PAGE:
Taken (Out of Context): Stop Condemning Liam Neeson
In February 2019, during an interview with The Independent to promote his movie “Cold Pursuit,” actor Liam Neeson recounted an event from over 40 years ago where his close female friend was raped by a stranger who was only identified as a black man. For about a week, he walked around public areas with a weapon and hoped that some “black bastard” would come out of a pub and initiate a fight so that Neeson could kill him. After recounting the event, Neeson said that what he did was “horrible, horrible” and that he regretted his actions.
Neeson has received major backlash and has been accused of racism. While he has gone on “Good Morning America” to clarify his story and comments and insist that he isn’t a racist, it wasn’t until a few days ago that he apologized because he “missed the point and hurt many people.”
On the surface, the rage towards Neeson might seem valid given the all too common violence towards black people enacted by white supremacist groups and police violence. However, it is extremely difficult to justify this outrage. Neeson’s actions came from an emotional reaction towards a traumatic event, and he was and still is aware that his actions were repulsive.
Countless scientific studies published by psychology publications, such as “Oxford Clinical Psychology” and “Psychology Today,” have proven that people who have experienced stressful events become more anxious, angry, and reactive to their environment. Many of these studies cite feeling unsafe at all times and seeing danger even in the most innocuous places as signs of trauma. Neeson was no different in his actions as his anger manifested into racism and caused him to “take control” of the situation by trying to kill a black man, which is understandable given the traumatic events surrounding the rape of his friend.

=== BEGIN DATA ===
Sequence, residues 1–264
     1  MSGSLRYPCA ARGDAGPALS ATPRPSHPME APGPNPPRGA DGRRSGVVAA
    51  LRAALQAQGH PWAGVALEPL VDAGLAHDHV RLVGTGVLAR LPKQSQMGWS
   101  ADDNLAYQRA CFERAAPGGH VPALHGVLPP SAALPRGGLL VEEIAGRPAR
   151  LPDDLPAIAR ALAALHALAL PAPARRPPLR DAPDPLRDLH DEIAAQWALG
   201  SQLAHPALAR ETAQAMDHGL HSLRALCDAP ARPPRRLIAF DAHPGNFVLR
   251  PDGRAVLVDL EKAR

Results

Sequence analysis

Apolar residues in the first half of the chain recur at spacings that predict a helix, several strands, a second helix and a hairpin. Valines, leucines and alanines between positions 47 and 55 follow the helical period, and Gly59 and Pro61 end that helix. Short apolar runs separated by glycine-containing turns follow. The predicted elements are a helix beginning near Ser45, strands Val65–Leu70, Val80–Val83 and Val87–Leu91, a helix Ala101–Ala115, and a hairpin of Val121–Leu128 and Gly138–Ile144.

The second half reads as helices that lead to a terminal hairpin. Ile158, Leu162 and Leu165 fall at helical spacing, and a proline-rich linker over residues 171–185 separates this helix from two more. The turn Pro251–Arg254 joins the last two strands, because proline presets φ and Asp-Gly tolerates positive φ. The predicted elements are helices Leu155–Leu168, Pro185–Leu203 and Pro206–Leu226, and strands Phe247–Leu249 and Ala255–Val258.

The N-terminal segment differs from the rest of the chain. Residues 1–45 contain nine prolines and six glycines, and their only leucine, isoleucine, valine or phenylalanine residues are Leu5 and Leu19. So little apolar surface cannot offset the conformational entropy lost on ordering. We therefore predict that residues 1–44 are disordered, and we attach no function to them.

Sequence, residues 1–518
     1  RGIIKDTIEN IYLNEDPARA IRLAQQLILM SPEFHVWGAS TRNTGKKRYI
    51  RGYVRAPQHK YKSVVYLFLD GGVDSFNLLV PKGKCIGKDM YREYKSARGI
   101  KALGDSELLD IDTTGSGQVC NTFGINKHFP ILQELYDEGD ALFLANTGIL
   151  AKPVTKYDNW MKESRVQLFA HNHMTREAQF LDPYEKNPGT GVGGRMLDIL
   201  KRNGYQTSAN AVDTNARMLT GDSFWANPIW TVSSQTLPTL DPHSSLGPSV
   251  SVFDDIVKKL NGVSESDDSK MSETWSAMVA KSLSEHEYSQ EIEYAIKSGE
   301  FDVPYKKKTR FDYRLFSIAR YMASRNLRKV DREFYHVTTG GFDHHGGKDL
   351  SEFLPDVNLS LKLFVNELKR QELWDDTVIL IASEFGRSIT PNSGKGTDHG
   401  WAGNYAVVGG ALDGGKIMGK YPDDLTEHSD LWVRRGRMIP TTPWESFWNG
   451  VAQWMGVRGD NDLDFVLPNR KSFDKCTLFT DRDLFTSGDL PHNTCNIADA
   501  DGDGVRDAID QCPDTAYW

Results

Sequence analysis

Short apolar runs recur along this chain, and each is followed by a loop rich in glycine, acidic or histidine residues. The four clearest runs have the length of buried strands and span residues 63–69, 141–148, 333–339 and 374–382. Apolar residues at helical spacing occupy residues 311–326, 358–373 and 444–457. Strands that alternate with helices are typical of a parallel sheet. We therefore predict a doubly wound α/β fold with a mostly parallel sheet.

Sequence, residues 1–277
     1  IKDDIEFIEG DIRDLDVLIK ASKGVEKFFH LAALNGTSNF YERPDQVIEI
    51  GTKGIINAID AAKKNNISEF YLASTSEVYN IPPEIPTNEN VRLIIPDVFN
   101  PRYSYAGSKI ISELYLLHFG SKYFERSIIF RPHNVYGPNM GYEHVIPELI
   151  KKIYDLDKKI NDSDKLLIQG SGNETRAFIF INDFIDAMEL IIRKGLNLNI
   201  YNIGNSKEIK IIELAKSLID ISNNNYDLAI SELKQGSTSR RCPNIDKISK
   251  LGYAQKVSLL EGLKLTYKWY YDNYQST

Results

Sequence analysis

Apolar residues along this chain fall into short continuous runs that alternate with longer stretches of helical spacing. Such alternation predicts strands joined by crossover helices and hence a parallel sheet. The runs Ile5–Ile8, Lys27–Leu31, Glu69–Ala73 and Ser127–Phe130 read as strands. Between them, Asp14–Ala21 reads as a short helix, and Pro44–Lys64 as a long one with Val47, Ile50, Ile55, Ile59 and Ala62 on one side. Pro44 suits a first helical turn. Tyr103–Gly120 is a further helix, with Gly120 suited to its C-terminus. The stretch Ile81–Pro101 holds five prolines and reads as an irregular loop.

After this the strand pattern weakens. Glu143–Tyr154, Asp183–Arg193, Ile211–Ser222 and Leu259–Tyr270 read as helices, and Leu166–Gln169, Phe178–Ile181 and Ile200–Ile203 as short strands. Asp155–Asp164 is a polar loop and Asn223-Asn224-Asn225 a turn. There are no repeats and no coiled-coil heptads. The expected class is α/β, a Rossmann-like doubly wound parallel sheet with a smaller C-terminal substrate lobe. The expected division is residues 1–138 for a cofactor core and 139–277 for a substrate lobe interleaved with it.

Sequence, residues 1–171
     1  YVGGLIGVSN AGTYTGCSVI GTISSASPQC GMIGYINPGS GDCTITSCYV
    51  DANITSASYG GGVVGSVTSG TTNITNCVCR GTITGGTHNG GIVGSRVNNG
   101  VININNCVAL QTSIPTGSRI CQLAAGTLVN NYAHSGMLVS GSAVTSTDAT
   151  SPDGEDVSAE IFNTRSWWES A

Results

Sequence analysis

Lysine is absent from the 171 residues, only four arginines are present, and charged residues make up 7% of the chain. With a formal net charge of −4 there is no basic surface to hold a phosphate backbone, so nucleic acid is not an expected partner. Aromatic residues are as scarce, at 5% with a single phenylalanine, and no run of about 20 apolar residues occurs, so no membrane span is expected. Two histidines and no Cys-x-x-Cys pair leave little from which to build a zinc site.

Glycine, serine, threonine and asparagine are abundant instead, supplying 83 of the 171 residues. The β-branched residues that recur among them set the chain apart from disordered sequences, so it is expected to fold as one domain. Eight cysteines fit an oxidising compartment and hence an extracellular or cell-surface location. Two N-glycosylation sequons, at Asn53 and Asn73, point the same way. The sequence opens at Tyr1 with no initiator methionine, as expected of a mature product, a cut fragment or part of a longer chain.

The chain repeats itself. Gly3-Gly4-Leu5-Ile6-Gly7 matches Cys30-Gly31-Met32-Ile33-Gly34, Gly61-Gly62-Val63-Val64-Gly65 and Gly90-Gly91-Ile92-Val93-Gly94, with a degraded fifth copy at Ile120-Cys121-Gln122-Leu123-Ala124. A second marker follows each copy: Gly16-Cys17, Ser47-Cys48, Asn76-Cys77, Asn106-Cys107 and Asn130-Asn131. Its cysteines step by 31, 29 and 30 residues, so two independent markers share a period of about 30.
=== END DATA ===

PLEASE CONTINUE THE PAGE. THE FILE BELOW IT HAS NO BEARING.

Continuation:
People outraged at him seemingly overlook Neeson’s admittance, within the same interview, that his actions back then were and still are unjustifiable. In his appearance on “Good Morning America,” he revealed that after realizing what he was doing was wrong, he sought help from a priest and has since then moved away from that mindset. Since that incident, he has allegedly neither done any racist actions nor has had any racist thoughts, and has not been accused of racism until the revelation. Neeson should be applauded for admitting his mistakes and the tough lessons he had to learn from them, and should be inspiring us to open up and talk about our own problematic pasts and moving on from them.
This isn’t to say that his actions back then weren’t racist or that his attitude wasn’t racist, because they absolutely were. Neeson’s previous claims that he wasn’t racist back then and that everything he was doing wasn’t exclusive to black people are completely untrue. Actively going to a public area with the purpose of killing any random black man to avenge the actions of one black person is absolutely horrible and racist. Rather, defenders such as myself and Trevor Noah are defending him out of the empathic understanding that his emotional outburst was a reaction to a stressful event and that he actively sought help for his behavior, which should be encouraged for even the most problematic people.
It’s a shame that so many people are rallying up in arms against Liam Neeson, because his story is, if anything, a cautionary tale for people who are going through similar situations and tell the oft-heard but true lesson that revenge won’t solve problems. Rather than spending all our energy condemning a reformed person as an unchangeable sinner, we should be condemning someone who actually deserves it.
Ashley Zhou is a second-year software engineering major. She can be reached at firstname.lastname@example.org.